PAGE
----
My parents believed that, with no real entitlement to anything, they must accept what this country was willing to give. They were, after all, immigrants. As long as they didn’t do anything too unusual that might upset the people of England, then they could get on. My mum was desperate for my dad to lose his accent and stop saying ‘nah man’ and ‘cha’ in every sentence. They never discussed Jamaica with anyone. My mum would get embarrassed if she saw a black person drawing attention to themselves. It drew attention to her as well, and she hated that.

My family is fair-skinned. In Jamaica this had had a big effect on my parents’ upbringing, because of the class system, inherited from British colonial times, people took the colour of your skin very seriously. My parents had grown up to believe themselves to be of a higher class than any darker-skinned person. This isolated them from other black Caribbeans who came to live here – they wanted nothing to do with them.

My mum once told me how, back in Jamaica, her father would not let her play with children darker than her. She said wistfully, ‘But I had to, or I would have had no one to play with’. So when she came to England she was pleased to be bringing her children up amongst white children. We would always have lighter-skinned children to play with. I was expected to isolate myself from darker-skinned people too, and it seemed perfectly normal to me that the colour of your skin was one of the most important things about you. White people of course never had to think about it. But if you were not white, well then, how black were you? I accepted all of this as logical. That was how I would be judged.

Light-skinned or not, still we were asked, ‘When are you going back to your own country?’, ‘Why are you here?’, ‘Why is your food so funny?’, ‘Why does your hair stick up?’, ‘Why do you smell?’ The clear message was that our family was foreign and had no right to be here. When a member of the far-right group the National Front waved one of their leaflets in my face and started laughing, I felt I owed them some sort of apology. I wanted them to like me. It would be years before I realised I could be angry with them.

The racism I encountered was rarely violent, or extreme, but it was insidious and ever present and it had a profound effect on me. I hated myself. I was ashamed of my family, and embarrassed that they came from the Caribbean.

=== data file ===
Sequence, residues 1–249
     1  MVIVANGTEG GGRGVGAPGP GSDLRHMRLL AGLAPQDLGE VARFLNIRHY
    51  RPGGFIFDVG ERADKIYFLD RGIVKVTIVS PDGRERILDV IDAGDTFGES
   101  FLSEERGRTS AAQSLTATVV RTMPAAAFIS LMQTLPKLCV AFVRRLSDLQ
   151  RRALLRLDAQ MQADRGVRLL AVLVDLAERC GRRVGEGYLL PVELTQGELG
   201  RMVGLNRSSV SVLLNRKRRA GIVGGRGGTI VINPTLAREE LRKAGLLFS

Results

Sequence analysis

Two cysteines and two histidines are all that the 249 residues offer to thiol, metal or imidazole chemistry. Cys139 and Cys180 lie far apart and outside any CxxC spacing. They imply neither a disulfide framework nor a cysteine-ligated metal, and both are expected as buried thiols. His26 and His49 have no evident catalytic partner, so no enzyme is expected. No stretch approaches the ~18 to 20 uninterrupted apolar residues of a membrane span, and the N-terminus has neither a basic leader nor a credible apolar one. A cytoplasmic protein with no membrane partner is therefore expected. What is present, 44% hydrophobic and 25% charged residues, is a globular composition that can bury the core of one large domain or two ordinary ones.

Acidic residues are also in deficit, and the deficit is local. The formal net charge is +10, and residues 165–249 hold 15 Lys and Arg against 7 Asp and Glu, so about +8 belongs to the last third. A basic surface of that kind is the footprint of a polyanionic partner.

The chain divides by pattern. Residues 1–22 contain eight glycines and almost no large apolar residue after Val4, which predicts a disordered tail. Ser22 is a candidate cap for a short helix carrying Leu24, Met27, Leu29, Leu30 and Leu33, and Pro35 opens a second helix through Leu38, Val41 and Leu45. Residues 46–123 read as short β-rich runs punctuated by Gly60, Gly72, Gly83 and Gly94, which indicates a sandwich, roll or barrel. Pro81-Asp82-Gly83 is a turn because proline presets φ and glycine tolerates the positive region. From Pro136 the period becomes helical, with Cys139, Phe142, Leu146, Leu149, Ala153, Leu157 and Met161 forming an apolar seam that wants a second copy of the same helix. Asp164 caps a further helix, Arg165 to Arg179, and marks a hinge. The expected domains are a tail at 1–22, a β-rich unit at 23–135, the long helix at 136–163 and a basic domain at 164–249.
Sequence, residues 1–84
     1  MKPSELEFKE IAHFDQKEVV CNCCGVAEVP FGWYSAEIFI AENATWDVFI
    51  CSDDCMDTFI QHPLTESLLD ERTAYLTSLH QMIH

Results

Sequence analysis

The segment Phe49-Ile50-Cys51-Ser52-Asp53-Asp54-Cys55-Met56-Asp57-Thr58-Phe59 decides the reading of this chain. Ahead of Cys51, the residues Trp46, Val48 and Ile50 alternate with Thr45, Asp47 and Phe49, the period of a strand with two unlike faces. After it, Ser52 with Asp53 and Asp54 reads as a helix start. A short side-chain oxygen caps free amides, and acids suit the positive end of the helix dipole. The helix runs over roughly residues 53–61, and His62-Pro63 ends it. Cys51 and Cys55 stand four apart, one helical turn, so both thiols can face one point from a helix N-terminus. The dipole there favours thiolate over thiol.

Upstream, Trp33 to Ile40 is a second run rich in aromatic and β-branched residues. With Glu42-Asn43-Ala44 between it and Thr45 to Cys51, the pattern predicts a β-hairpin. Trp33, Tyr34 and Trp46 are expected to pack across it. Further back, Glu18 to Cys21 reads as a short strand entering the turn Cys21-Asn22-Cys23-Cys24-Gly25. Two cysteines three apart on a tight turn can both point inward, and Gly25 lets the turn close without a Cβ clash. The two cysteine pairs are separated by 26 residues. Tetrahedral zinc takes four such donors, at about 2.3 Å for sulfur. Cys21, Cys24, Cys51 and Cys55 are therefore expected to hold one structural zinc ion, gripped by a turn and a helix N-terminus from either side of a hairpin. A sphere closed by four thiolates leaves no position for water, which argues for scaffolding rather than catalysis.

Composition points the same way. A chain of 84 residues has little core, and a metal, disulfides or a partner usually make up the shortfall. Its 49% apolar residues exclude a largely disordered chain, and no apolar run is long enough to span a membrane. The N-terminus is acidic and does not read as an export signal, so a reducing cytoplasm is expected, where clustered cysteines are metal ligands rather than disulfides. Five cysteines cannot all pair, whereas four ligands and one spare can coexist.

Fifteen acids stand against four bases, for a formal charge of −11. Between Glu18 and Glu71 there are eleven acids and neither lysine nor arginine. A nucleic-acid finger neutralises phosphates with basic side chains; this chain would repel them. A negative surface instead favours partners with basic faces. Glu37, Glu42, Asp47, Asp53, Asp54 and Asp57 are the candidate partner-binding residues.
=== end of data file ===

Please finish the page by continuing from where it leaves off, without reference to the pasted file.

In my efforts to be as British as I could be, I was completely indifferent to Jamaica. None of my friends knew anything about the Caribbean. They didn’t know where it was, or who lived there, or why. And they had no curiosity about it beyond asking why black people were in this country. It was too foreign and therefore not worth knowing.

As I got older my feeling of outsiderness became more marked, as did the feeling that nothing in my background – my class or my ethnicity – was really worth having. At art college I encountered middle-class people for the first time. Proper middle class – debutantes with ponies, that sort of thing. Keeping those origins of mine a secret became paramount. Few people at my college knew I lived on a council estate. Once, when given a lift home, I got my friends to drop me at the gate of a proper house. I walked up the path waving them off. Then as soon as they were out of view I walked back to my flat.

I got a degree in textile design and worked as a designer for about ten minutes before I realised it was not for me. After that I worked for a brief while as a shop assistant, a dresser at the BBC and the Royal Opera House, and a receptionist at a family-planning clinic.

Then something happened. I was working part-time for a sex-education project for young people in Islington. One day the staff had to take part in a racism awareness course. We were asked to split into two groups, black and white. I walked over to the white side of the room. It was, ironically, where I felt most at home – all my friends, my boyfriend, my flatmates, were white. But my fellow workers had other ideas and I found myself being beckoned over by people on the black side. With some hesitation I crossed the floor. It was a rude awakening. It sent me to bed for a week.

By this time I was scared to call myself a black person. I didn’t feel I had the right qualifications. Didn’t you have to have grown up in a ‘black community’? Didn’t you need to go to the Caribbean a lot? Didn’t your parents need to be proud of being black? Didn’t my friends need to be black? My upbringing was so far removed from all of that, I felt sure I would be found out as an imposter. I was not part of the black experience, surely?

It was a life-changing moment.

Illustration by Hannah Ekua Buckman

Fortunately I had recently enrolled on an afternoon-a-week writing course at the City Lit in London, just as a hobby. Writing came to my rescue. The course had an emphasis on writing about what you know. So, nervously I began to explore what I knew – my family upbringing and background, and my complicated relationship with colour. Thinking about what I knew, and exploring my background with words, began to open it up for me as never before. I soon came to realise that my experience of growing up in this country was part of what it meant to be black. All those agonies over skin shade. Those silences about where we had come from. The shame. The denial. In fact I came to see that every black person’s life, no matter what it is, is part of the black experience. Because being black in a majority white country comes with a myriad of complications and contradictions. It was writing that helped me to understand that.